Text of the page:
A Purple Hearts Kid

by Jerry Vilhotti

Biaggi so much wanted to get up and feel the vigour he felt as a sixteen year old borrowing Tami Mauriello's robe - the very same man who had staggered the great Joe Louis in the first round in their championship fight only to be knocked out in that very same round since he could not back up on a heel that had been run over by a truck taking a short cut to avoid congested Fordham Road so able to make better time and more money when he was a little boy - that night Biaggi fought and won his first amateur bout and he was proud that he still held the record at the East Harlem Club for knocking out his opponent in eleven seconds of the first round.

When he came home to show his mother the trophy for the achievement was when he told his father and the Sanques, who lived in the apartment above visiting, that he was going to be a fighter. When he was bending over to kiss his mother was when his father cold-cocked him - saying he would not tolerate a bum in his family. Did he forget his beatings on him and his brother Tonto that helped them not to become bums on the streets of The South Bronx?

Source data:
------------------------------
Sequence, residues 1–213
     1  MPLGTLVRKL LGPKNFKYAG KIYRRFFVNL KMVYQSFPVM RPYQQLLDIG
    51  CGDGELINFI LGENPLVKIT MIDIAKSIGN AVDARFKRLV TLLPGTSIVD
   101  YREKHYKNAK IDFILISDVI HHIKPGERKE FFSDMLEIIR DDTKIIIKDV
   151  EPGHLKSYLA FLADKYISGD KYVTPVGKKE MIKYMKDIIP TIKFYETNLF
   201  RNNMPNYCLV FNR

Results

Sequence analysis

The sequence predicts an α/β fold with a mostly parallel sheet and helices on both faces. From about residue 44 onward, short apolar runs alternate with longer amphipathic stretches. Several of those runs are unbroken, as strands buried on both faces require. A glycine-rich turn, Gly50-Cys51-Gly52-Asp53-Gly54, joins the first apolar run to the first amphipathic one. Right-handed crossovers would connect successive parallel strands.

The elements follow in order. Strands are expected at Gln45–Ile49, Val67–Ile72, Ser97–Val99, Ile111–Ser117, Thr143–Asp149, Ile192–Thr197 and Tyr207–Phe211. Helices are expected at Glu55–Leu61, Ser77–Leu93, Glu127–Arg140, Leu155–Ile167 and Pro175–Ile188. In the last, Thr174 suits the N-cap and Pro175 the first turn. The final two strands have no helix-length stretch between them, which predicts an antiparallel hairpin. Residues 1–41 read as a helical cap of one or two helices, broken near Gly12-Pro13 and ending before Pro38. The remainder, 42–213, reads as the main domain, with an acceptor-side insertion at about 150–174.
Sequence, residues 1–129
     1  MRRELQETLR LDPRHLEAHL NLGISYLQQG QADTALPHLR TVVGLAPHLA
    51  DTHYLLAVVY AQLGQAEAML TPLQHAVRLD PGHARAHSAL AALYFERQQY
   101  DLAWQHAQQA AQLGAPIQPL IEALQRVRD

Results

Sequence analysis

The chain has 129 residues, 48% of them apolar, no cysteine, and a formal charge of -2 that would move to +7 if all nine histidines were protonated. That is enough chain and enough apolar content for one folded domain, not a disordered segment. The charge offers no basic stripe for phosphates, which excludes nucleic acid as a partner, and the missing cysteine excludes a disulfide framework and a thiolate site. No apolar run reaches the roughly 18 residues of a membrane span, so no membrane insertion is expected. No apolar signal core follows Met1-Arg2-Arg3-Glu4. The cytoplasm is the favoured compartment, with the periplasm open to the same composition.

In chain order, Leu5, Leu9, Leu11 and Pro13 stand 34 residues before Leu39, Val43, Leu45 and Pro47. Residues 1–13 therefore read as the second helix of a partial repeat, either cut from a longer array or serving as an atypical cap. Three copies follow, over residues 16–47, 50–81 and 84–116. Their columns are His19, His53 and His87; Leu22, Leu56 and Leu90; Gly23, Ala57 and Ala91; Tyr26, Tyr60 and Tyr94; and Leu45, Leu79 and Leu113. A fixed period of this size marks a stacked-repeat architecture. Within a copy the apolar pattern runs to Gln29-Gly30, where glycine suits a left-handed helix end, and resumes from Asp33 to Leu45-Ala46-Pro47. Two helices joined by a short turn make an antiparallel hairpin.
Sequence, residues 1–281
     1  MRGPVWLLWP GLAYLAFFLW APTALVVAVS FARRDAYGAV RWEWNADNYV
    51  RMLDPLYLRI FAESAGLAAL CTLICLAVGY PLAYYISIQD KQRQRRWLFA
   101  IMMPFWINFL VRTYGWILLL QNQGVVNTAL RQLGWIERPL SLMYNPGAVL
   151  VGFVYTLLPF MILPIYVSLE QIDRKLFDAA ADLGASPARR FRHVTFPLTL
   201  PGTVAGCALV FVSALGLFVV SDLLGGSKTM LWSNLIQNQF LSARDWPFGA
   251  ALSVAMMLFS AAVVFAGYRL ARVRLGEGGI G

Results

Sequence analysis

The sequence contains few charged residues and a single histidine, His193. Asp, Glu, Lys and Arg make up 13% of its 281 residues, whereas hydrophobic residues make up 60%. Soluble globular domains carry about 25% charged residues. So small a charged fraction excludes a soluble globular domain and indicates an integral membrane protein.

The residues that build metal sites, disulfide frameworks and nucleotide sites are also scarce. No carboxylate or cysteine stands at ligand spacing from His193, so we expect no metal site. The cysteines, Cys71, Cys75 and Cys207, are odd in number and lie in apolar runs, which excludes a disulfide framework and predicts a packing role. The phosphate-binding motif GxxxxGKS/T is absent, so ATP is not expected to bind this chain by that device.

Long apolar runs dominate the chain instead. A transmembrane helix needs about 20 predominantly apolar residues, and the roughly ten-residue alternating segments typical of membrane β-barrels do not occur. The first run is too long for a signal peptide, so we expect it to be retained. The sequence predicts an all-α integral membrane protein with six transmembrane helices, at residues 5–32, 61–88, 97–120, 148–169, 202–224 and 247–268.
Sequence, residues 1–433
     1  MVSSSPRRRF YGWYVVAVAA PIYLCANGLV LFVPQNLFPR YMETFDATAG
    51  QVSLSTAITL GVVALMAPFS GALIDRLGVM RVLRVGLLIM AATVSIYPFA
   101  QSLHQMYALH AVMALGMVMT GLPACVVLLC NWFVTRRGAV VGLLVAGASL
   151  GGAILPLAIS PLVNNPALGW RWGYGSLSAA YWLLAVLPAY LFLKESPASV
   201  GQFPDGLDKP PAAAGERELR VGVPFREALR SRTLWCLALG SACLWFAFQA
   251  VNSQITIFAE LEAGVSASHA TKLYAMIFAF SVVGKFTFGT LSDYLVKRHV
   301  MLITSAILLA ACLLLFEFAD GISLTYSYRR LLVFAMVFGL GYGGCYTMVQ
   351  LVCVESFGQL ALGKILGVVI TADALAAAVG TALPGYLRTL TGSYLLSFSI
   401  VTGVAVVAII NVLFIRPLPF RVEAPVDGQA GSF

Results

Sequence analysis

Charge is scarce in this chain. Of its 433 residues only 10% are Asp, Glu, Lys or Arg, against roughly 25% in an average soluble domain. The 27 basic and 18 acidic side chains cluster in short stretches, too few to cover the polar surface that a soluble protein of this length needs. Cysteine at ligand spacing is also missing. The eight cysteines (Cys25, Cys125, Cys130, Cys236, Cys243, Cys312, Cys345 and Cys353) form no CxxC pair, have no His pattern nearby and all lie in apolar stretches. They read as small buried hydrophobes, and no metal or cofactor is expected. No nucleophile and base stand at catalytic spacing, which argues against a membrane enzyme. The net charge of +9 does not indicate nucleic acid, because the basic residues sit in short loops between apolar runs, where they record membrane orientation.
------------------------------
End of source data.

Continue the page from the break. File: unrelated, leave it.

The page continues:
Biaggi, as a man, would walk from North Africa up through Italy, all of France and then into Germany. He would receive two purple hearts, flat feet and a Presidential citation from FDR attesting to his bravery and sacrifice.

He would never forget why he joined the infantry and for all his efforts and the deaths of young people who gave up a life for a death, the country would get cold-cocked as he once did when people began to fear fear itself.